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August 24, 1968

Telegrams from Romanian Embassy, Beijing, to Romanian Ministry of Foreign Affairs, 22-24 August 1968

Telegram no. 74320, 22 August 1968


22 August 1968. Nr. 74 320


Top Secret


At 2200 hours on 22 August 1968, I was received by Cde. Chen Yi, Deputy Prime Minister of the Council of State and Minister of Foreign Affairs. As instructed, I informed him of the situation developing in Czechoslovakia.


Chen Yi thanked me for the information, stating that he will present it right away to the Chinese leadership.


Chen Yi also stated that, in addition to himself, Premier Zhou Enlai will also attend the cocktail reception which we are organizing on 23 August, wanting to congratulate us on the SR [Socialist Republic of] Romania's national day. He mentioned that Premier Zhou Enlai is prepared to say a toast, and that he will enunciate the position of the Chinese government regarding the Czechoslovak events. He stated that the Premier will criticize the imperialist invasion perpetrated by the Soviet Union in Czechoslovakia.


After expressing his displeasure that there is no resistance [to the invasion] in Czechoslovakia, Chen Yi said the following:


'The Soviet leaders are accusing [Czechoslovak communist party first secretary Alexander] Dubcek that he is throwing himself in the embrace of the Western countries; in the embrace of West Germany. But who was the first to fall into the imperialist embrace? The Soviet leaders—Khrushchev, Brezhnev, Kosygin.


The Soviets say that they are defending socialism in Czechoslovakia, but Khrushchev was the first to abandon socialism in the Soviet Union. They pretend that militarily occupying Czechoslovakia is done to protect peace in Europe. What peace is there to talk about when they started the war?


Between us there are certain differences of opinions, but we remain good friends; this is why we can openly say what we think. You defend Dubcek. But we must say that Dubcek followed in Khrushchev's footsteps and trusted the Soviets, which is why he failed.


During many discussions we had with Cde. Ion Gheorghe Maurer, with Cde. Emil Bondaras, with other Romanian leaders, we showed that one cannot trust the Soviet Union, that they are not friends in need.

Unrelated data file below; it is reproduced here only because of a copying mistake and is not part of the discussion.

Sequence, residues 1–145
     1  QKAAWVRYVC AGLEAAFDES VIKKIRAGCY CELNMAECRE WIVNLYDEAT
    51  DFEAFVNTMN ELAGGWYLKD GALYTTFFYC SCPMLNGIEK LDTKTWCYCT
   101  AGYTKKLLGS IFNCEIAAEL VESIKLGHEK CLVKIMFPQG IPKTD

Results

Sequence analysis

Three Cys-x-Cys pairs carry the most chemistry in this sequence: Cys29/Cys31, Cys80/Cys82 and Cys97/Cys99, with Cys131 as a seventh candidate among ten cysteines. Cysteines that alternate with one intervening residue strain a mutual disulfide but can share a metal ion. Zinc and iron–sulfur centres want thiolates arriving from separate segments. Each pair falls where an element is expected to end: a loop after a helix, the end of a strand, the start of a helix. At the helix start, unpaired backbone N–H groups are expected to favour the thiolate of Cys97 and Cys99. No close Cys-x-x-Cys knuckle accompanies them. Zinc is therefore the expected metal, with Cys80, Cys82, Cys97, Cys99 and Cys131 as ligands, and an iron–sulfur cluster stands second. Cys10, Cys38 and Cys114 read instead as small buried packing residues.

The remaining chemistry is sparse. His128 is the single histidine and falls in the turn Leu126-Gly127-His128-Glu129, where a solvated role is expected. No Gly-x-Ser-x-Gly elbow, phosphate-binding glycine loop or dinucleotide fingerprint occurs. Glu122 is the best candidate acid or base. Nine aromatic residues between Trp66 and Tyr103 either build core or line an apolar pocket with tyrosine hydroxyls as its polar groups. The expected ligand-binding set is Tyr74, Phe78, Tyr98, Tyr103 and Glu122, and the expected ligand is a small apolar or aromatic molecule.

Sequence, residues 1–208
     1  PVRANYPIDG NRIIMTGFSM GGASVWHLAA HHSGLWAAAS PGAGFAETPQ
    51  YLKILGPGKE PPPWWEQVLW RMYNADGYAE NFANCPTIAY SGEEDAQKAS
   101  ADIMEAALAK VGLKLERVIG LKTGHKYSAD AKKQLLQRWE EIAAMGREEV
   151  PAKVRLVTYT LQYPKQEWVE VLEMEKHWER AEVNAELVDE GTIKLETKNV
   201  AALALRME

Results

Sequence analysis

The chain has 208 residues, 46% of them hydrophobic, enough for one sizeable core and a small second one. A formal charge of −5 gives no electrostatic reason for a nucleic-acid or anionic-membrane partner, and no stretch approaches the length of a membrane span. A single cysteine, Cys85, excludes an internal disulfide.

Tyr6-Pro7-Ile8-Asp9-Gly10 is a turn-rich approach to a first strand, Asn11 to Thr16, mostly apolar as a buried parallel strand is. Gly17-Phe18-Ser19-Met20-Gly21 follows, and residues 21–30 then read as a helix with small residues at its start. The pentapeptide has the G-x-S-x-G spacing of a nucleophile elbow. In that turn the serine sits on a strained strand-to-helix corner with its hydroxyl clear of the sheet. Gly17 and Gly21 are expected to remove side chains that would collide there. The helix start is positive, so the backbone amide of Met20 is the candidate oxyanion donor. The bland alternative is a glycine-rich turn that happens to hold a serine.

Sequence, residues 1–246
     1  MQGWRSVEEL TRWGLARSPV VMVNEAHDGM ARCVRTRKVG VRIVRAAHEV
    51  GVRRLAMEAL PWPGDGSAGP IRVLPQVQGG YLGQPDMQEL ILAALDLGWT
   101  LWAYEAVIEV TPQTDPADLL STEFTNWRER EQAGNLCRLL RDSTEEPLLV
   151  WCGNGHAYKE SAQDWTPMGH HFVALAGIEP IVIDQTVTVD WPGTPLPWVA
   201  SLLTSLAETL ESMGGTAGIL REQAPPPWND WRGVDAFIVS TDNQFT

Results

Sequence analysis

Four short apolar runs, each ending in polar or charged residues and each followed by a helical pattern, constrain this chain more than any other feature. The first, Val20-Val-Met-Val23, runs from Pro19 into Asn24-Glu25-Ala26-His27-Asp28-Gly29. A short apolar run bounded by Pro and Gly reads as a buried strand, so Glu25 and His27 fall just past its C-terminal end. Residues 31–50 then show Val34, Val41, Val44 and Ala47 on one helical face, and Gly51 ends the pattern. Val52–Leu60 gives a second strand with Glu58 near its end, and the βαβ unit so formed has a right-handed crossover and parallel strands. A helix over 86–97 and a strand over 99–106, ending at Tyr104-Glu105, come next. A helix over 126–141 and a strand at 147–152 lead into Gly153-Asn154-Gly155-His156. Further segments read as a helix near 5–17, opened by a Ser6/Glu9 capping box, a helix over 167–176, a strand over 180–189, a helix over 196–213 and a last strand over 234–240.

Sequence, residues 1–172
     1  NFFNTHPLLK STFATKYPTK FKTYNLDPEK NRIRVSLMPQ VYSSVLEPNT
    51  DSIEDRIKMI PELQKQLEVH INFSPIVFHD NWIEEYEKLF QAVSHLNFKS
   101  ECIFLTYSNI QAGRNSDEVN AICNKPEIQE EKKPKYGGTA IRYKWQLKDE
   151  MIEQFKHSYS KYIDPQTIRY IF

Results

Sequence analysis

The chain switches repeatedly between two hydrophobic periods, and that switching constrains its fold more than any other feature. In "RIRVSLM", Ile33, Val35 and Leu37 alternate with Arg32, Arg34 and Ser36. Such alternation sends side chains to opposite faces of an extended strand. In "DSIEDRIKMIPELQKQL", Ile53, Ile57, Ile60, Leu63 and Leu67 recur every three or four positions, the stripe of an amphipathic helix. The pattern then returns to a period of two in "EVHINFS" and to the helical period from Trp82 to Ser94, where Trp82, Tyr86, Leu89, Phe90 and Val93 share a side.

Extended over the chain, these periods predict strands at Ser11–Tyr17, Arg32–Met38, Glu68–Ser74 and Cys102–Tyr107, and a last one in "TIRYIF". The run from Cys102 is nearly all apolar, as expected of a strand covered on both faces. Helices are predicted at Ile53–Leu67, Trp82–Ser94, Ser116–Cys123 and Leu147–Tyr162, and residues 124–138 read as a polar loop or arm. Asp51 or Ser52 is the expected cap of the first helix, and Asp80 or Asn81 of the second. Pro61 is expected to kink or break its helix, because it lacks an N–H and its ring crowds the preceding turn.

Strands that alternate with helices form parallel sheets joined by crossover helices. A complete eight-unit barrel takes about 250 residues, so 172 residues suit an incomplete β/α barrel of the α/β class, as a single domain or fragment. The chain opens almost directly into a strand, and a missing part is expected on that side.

You already know that you cannot always go down the same road with the Soviet leadership, which sets you apart from the Czechoslovak leaders, from Dubcek.'


Referring to the General Secretary Cde. Nicolae Ceausescu's speech of 21 August, Chen Yi stated that: 'I was very happy to hear that you took steps to protect your independence and national sovereignty. I am convinced that if you remain resolute, your cause will succeed. We are behind you.'


Considering the desire on the Chinese part that Premier Zhou Enlai give a speech at the cocktail [party] we are organizing on the occasion of 23 August, a speech in which he would express the position of the PRC regarding the USSR actions in Czechoslovakia, and considering that, initially, we did not envision speeches been given, I ask that you reply with instructions as to how to proceed, if possible before 7-8 in the morning (Beijing time), 2-3 AM Bucharest time, and, in case the idea of speeches is accepted, what should my speech contain.


I should mention that Chen Yi told me of the Chinese leadership's decision to give this speech without asking if I was planning to give a speech myself on this occasion.


(ss) A. Duma




Telegram no. 74350, 23 August 1968


23 August 1968. Nr. 74 350


Top Secret. Flash.


The embassy reception on the occasion of the Romanian national day took place on the evening of 23 August.


1. Premier Zhou Enlai, two deputy premiers, the Chief of the General Staff, his deputy, several Chinese individuals with high positions, as well as a large number of employees from various [government] institutions attended the reception.


The Chinese took great care of us, had a very warm and friendly attitude. Their reactions to my speech were positive and they expressed satisfaction [with it].


2. The diplomatic corps was massively represented at the cocktail reception through chiefs of mission, first secretaries, military attaches, and economic counselors. The diplomats of the five socialist countries [involved in the invasion] were present in great numbers; the speeches were followed with a great deal of interest. The large majority of diplomats expressed their satisfaction with the position adopted by our party and government with regard to the issue of Czechoslovakia. They viewed the speeches given, the Chinese participation, as a very important event and a success for the embassy of the S. R. Romania.


As they left, I was congratulated by a large number of chiefs of missions (France, Guinea, Mali, Congo, Tanzania, UAR, Cuba, Holland, England, Yugoslavia, and others), for the principled, firm, and courageous position of Romania expressed in my speech, and [they] wished continued success for the Romanian people.


The diplomats of the five socialist countries and of Mongolia left the cocktail party at the first mention made by Premier Zhou Enlai of 'the Soviet revisionist clique.' The press correspondents from those countries remained.